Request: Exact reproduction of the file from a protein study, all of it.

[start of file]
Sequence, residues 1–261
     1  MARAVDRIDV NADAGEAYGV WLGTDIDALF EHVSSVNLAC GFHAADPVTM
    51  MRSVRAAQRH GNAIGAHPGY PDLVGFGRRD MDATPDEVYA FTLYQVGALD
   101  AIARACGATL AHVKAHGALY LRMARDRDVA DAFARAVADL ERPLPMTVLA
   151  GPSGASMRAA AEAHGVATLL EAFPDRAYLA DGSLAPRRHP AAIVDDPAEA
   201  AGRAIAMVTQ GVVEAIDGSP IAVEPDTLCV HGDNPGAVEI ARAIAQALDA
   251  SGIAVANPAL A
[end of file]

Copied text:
Sequence, residues 1–261
     1  MARAVDRIDV NADAGEAYGV WLGTDIDALF EHVSSVNLAC GFHAADPVTM
    51  MRSVRAAQRH GNAIGAHPGY PDLVGFGRRD MDATPDEVYA FTLYQVGALD
   101  AIARACGATL AHVKAHGALY LRMARDRDVA DAFARAVADL ERPLPMTVLA
   151  GPSGASMRAA AEAHGVATLL EAFPDRAYLA DGSLAPRRHP AAIVDDPAEA
   201  AGRAIAMVTQ GVVEAIDGSP IAVEPDTLCV HGDNPGAVEI ARAIAQALDA
   251  SGIAVANPAL A